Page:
I began practicing Islam right after my Shahadah. I was convinced that if I am a Muslim, then I have to do everything the right way. Initially, before memorizing the text, I was reading my Salah from paper and learned the recitation through computer softwares. I stopped wearing skirts above my ankles. In about a week, I accustomed my work colleagues to the idea that I will be wearing Hijab. On the first day, I came to work with a small scarf covering just my forehead and ears. After a couple days, I put on a small Hijab, which covered my entire head and was tied behind my neck. After a few more days, I was putting on Hijab properly – so that only my face could be seen. I had to start buying my clothes in second-hand store, because only there I found long enough skirts and blouses that were loose fitting and long.

(7) What was the reaction from your family like? And what about your work-place and hometown?

At work I was accepted almost without any comments. When I came in Hijab, somebody asked, if I would be coming now like this always, and I answered – yes. I think colleagues talked about it behind my back, but nobody said anything in front of me. However, they still cannot understand why I refuse to participate in company outings.

Children accepted me. May be because they did not really have a choice. I am the only one, who takes care of them, so they try to respect me. Time to time, I do hear rebukes from my eight-year-old son. He feels hurt that his mom is not like other moms. May be at school somebody has said something or laughed about him.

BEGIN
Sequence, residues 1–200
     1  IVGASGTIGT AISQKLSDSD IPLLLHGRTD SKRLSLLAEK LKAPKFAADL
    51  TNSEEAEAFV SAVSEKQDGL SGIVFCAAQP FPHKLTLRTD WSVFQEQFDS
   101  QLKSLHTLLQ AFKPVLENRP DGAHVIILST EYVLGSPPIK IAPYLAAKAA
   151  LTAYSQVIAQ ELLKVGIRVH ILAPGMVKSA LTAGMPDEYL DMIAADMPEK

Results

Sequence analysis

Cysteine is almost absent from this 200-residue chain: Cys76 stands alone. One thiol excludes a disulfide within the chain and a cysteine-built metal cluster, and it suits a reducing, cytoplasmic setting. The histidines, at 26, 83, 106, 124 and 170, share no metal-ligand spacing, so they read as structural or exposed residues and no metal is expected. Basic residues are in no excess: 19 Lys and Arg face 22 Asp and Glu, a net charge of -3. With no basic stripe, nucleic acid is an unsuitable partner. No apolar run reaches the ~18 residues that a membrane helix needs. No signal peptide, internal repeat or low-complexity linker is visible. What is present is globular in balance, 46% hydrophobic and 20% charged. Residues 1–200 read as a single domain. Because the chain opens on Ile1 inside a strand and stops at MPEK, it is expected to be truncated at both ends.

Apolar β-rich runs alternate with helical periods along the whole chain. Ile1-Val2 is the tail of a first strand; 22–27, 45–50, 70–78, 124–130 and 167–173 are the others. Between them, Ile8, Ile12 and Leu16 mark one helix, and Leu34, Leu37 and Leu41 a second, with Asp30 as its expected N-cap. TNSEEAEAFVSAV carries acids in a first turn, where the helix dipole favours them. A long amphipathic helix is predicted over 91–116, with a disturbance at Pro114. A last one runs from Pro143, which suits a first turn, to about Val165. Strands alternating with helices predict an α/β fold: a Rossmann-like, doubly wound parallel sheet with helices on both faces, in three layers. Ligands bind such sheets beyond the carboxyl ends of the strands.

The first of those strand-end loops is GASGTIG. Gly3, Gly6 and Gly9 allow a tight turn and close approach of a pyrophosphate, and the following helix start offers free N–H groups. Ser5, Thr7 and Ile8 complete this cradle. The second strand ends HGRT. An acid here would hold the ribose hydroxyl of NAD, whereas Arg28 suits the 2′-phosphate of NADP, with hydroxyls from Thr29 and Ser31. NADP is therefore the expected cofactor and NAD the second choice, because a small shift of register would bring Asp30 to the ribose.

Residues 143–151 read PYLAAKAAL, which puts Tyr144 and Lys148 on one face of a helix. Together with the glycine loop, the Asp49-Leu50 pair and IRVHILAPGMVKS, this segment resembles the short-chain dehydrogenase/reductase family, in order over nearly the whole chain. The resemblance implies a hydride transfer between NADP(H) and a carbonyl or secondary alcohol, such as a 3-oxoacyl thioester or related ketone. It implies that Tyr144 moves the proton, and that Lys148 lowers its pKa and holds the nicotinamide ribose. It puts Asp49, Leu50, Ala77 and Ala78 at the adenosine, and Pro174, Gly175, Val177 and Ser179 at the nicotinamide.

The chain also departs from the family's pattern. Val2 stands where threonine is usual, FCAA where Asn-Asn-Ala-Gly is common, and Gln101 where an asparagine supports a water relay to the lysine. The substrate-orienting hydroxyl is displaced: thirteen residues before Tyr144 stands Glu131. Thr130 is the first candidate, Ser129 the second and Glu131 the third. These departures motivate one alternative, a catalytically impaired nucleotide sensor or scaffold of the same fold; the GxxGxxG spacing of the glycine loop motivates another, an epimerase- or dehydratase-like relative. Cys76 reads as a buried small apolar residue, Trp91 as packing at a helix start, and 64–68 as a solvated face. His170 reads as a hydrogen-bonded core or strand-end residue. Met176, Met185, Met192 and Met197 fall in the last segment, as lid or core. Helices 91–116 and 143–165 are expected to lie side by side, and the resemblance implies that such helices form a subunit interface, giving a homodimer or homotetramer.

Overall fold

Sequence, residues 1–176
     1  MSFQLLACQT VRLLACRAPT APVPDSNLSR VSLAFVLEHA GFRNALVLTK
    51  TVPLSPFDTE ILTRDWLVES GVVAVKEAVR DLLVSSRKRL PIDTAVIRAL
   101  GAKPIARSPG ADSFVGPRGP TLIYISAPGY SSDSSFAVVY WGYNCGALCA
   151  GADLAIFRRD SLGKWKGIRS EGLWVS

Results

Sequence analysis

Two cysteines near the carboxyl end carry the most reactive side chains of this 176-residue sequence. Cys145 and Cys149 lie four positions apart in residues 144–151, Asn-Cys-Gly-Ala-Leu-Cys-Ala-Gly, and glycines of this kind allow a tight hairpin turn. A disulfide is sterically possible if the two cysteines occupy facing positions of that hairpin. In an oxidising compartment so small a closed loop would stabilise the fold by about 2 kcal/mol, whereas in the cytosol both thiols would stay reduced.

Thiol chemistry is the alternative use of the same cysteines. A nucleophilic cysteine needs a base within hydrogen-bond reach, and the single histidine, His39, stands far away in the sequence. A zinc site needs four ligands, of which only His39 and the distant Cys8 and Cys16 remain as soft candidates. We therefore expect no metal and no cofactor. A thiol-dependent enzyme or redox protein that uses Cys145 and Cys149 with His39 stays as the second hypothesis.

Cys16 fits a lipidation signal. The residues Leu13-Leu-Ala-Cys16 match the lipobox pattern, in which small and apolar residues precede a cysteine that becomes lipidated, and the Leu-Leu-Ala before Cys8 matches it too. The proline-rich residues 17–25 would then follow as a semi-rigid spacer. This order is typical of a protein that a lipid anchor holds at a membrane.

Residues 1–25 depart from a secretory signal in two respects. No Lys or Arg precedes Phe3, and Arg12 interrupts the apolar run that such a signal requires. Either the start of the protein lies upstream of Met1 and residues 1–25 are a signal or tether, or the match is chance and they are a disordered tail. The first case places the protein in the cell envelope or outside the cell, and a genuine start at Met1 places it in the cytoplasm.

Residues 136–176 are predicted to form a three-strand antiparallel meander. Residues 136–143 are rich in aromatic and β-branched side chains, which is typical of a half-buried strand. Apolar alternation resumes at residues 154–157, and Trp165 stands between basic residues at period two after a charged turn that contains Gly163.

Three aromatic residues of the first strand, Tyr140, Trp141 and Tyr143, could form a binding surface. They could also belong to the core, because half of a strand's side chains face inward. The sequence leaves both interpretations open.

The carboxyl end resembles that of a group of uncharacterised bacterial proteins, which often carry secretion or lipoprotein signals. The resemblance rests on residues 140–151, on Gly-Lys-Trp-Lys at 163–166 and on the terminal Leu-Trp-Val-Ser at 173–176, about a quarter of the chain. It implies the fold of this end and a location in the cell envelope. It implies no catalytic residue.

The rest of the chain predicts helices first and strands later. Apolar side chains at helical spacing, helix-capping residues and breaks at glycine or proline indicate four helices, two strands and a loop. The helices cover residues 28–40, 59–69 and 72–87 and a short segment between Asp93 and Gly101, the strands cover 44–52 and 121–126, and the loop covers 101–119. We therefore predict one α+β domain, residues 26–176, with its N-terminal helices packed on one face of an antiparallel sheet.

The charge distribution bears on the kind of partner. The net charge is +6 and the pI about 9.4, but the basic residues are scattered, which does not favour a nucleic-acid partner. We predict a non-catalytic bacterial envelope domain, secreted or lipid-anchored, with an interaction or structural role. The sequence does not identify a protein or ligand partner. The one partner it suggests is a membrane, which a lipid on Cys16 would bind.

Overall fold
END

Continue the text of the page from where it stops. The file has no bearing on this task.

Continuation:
With my own mom I had (and still have) painful problems. Once, when we accidentally met on the street, my mom could not control herself and began yelling at me. It was a big shock for me, because usually she does not show her emotions openly, not even talking about public places. I got the feeling that I had hurt her so deeply that she would never be able to forgive me. At the moment, our relationship is better, but only till the moment my way of dressing or religion come in question.

In my hometown, I am the only one wearing Hijab. I have heard laughing, cursing and swearing. Even on the Internet I have read remarks that in Jekabpils (Daiga’s hometown) one is going around in ‘those rags.’

(8) Have you had any pleasant surprises after becoming Muslim?

The time, when I daily searched for, found and studied the materials on Islam was truly beautiful. I did not have surprises – it was a steady feeling of happiness. Islam really is a total model of life given to people by Allah (swt). If this model would be adhered to, people would live in harmony. The actual encounter with people in Islam has somewhat deteriorated my notions about Muslims, but not about Islam.